‘Elemental’ Review: Peter Sohn Takes the Well-Worn Formula and Turns It Into a Visually Stunning and Poignant Cinematic Experience

elemental review

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Fire and water do not mix. They are incompatible – fire causes water to boil while the water douses the fire. Now, what if these elements are translated into characters of opposite sexes while exploring the possibility when they end up becoming an unlikely couple? That’s the premise behind Pixar’s latest animated feature, ‘Elemental,’ using the age-old romantic comedy formula. It was the kind of movie where opposites attract: Ember (voiced by Leah Lewis) is a short-tempered fire girl, while Wade (Mamoudou Athie) is a sensitive water guy.

We first see them in a meet-cute situation during a mysterious burst pipe at Ember’s father’s (Ronnie Del Carmen’s Bernie) store. If you are familiar with romantic comedies, you can predict where the story leads to: Girl meets boy, they don’t get along at first until something happens that unexpectedly draws them together, and next thing you know, they fall in love. But not without enduring a series of setbacks, notably Ember’s father, whose rigid and old-fashioned mindset forbids her to love someone that isn’t their kind (fire).

Working from John Hoberg, Kat Likkel, and Brenda Hsueh’s screenplay, Peter Sohn (‘The Good Dinosaur’) uses this angle as a metaphor for delving into the cultural clash and the interracial relationship between the fire (Ember) and water (Wade). Ember’s father doesn’t enjoy the presence of any water people, let alone Wade walking into their life – specifically, her daughter’s life.

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His reason? She cannot be together with Wade because of the elemental consequences that will do more harm than good. This, in turn, puts Ember in a conflicted and tough position. But Wade, amidst all his goofy personality, is more of an open-minded water guy. He doesn’t pretend to be masculine and isn’t afraid to express his feeling. The movie also showcases the side of his more laid-back family, as Wade’s parents are fine with their son going out with Ember.

The story doesn’t break any new ground, and just like Wade’s personality, Sohn gamely embraces the otherwise shopworn formula and turns it into something beautiful and heartwarming. A testament that a movie can be better than expected, even if it’s a tired formula, as long as it has the solid backing of a well-written story and characters.

The incorporated elements of interracial romance and cultural differences hit home with its relatable storytelling, while it’s hard not to get invested with Ember and Wade. Their chemistry feels genuine rather than manufactured and superficial, and it helps excellent voice performances back the movie. Leah Lewis is undoubtedly the movie’s MVP here with her perfectly spunky turn as Ember. Mamoudou Athie is equally praiseworthy, exuding a mix of quirky charm and emotional vulnerability into his voice work as Wade.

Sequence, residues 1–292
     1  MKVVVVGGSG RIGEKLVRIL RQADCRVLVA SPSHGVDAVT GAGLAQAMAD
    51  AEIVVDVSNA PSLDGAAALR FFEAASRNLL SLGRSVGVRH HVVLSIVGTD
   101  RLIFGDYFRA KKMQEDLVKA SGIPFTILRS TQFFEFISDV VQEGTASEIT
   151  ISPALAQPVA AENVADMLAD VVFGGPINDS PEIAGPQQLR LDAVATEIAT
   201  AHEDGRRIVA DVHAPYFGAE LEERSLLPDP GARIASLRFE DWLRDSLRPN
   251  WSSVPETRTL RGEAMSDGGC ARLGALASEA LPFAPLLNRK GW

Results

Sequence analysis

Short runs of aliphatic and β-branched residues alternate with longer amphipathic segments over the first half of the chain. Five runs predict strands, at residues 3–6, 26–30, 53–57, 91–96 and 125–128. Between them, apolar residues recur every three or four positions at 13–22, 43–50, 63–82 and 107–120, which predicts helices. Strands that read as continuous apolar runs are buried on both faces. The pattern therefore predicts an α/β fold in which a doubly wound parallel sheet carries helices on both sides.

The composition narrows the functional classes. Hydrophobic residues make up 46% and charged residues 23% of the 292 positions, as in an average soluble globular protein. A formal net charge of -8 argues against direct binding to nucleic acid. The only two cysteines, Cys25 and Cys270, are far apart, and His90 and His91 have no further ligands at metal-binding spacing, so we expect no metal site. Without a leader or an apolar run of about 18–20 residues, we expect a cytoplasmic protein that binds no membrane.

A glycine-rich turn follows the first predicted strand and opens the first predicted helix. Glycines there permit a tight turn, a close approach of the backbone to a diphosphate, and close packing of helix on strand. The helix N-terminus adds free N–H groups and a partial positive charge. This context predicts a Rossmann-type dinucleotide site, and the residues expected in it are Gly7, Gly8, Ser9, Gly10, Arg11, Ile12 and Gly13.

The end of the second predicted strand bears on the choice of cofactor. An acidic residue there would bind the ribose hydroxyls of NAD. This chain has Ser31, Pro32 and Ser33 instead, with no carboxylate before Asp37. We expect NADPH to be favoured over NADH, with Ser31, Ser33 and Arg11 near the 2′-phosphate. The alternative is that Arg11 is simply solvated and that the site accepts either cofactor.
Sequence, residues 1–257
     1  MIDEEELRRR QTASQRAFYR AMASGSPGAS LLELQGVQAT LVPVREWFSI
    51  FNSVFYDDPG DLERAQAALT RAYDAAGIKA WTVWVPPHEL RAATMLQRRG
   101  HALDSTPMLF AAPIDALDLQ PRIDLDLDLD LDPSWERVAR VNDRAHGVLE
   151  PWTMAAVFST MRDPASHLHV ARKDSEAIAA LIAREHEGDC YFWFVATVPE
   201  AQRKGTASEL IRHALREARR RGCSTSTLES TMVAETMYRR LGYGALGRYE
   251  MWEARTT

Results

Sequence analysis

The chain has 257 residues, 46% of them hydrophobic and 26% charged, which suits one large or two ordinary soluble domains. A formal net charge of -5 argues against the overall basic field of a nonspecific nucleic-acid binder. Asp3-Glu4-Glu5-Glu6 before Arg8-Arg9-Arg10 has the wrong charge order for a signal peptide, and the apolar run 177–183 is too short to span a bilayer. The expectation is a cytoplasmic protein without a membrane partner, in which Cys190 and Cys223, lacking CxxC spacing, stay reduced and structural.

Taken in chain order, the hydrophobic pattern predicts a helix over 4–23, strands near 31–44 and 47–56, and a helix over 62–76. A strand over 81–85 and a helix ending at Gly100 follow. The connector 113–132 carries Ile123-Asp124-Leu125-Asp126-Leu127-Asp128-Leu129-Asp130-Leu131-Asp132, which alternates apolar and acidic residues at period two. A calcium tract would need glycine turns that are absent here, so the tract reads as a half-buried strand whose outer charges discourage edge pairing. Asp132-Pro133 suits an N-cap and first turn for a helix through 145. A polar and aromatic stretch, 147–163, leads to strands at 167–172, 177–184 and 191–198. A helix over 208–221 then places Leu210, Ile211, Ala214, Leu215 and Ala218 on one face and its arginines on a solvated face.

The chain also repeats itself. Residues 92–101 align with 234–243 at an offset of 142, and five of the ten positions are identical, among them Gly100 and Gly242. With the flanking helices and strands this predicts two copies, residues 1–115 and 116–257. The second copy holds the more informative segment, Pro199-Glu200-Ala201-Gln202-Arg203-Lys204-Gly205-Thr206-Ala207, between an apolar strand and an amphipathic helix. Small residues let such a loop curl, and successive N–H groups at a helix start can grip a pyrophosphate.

Sohn doesn’t just restrict within the boundaries of a rom-com genre as he also explores the father-daughter dynamic between Bernie and Ember. Bernie has high hopes for his daughter, working tirelessly from the day he and his wife Cinder (Shila Ommi) left their home country to Element City to start a new life. He even teaches his daughter how to run their store business because he wants her to inherit it one day.

And not to forget, the added immigrant angle earlier in the movie – another metaphor that depicts this fire family as foreigners seeking greener pastures, where Element City is a representation of a land of opportunity for all elements (the other two include earth and air) to coexist and make a living.

It may look as if Sohn has a lot of things to say by cramming multiple elements (no pun intended) in a single movie. At the hands of a lesser director, this might end up as a bloated outcome, but Sohn does a great job combining everything together into a cohesive whole.

Speaking of Element City, the animation is gorgeous and stunning. It’s hard not to get basked in this otherwise fictional metropolis’s architectural and multicultural sights. Sohn and his team of animators even go as far as detailing certain areas of the city, namely the more intimate neighborhood of Fire Town and the colorful Cyclone Stadium.

Kudos also go to the distinctive character designs on all four elements. They are far from just cute-looking characters as the animators meticulously render the way they are supposed to move. For instance, fire is more erratic in its nature. It can go brighter or dimmer, depending on the situation, reflecting the temperamental personality that goes into Ember. The same also goes for Wade, whose water element is more voluminous and reflective. No doubt, the fluidity of their movements is nice and fascinating to look at without resorting to making them look too human.

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Finally, Thomas Newman, who has been composing several Pixar movies such as ‘Finding Nemo’ and ‘WALL-E,’ delivers one of the best film scores ever for the Emeryville animation studio. He incorporates Indian-inspired musical instruments that mirror the movie’s various metaphorical themes and character arcs, giving the movie an overall unique soundscape.

SCORE: 9/10

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